Parts of northern Canada have set records for historic heat this year, including a prolonged stretch of warmth that drove temperatures more than 10°C above normal to start out this month across the north.
So now, with frigid temperatures, signs of snow, and even blizzard conditions in the forecast, it may come as a bit of a shock to the system for some. But it's also a sign of what's to come for the country as we head deeper into this fall season.
On Wednesday, Eureka, a small region in Nunavut, reached a frigid low of -30°C—the first across Canada to do so this season. Temperatures plunged back to a bone-chilling -30.1°C once again on Thursday morning.
Temperatures will "warm up" over the next couple of days, with overnight lows dipping down to -15 to -20°C.
The cold however, while not quite as extreme, is about to make its way to the rest of Canada as we head into the final week of October.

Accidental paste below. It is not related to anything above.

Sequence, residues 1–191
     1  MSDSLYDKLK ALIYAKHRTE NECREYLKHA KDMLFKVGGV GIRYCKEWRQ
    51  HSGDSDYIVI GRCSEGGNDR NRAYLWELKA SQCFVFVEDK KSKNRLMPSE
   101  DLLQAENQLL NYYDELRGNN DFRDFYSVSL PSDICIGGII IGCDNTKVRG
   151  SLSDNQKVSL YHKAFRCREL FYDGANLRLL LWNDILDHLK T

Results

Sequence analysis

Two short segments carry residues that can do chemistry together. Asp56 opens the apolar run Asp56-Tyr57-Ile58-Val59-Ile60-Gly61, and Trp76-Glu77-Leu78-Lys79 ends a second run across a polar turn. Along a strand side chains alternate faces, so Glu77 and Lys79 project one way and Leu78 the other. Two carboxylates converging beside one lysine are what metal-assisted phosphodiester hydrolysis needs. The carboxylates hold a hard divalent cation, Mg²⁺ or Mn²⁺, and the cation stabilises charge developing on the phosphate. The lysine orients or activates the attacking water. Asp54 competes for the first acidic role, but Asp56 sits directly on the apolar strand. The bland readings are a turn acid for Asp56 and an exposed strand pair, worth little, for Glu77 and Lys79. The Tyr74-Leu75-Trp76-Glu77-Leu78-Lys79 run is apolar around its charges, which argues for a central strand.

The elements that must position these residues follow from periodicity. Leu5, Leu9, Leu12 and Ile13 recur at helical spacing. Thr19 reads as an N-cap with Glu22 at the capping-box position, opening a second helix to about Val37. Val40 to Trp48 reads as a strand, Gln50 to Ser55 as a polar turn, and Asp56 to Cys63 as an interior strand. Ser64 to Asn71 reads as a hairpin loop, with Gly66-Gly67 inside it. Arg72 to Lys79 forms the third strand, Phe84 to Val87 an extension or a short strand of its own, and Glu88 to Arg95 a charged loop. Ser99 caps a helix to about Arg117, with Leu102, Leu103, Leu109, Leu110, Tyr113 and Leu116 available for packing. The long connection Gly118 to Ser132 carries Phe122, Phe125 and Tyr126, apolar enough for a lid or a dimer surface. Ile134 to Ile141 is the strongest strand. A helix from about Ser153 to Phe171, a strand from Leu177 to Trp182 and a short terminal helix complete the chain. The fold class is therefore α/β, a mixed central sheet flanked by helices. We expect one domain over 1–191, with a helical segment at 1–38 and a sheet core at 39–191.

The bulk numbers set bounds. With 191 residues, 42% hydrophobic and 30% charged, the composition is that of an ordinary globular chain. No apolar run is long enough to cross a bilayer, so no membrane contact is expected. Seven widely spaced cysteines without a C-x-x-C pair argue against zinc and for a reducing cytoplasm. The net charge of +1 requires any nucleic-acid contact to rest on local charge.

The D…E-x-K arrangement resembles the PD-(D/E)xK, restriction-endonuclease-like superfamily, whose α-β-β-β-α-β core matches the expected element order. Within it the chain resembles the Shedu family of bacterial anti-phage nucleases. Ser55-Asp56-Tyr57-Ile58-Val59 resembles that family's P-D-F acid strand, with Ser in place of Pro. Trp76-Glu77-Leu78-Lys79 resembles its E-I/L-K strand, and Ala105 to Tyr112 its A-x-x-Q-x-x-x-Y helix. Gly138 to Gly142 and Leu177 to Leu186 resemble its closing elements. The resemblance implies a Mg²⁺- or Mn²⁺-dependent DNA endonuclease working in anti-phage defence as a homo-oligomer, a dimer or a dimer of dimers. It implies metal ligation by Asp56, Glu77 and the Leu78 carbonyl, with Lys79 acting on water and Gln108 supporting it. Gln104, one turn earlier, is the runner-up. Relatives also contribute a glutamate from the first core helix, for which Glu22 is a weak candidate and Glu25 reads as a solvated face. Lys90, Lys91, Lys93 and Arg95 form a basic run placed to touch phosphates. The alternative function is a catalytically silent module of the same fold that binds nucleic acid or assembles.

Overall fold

Across B.C., single digit highs are forecast into the middle of next week, with the first frost threat spreading through the Okanagan region.
Daytime high temperatures below freezing will take hold as early as Monday for parts of Alberta, with the chill lasting through all of next week. The cooling temperatures will be the perfect recipe for signs of snow in the forecast, after mild temperatures into the mid-20's spanned the region this week.
Talk about a quick free fall into winter!
Temperatures won't be quite as cold as in Alberta, Saskatchewan, and Manitoba, but they'll eventually reach below freezing during the middle to end of next week. It's even possible to reach minus-double-digit overnight lows for central areas.
In central Ontario, the first potential single-digit daytime high of the season is expected on Sunday. Some areas in the southwest and the Greater Toronto Area may also see their first frost on Monday morning.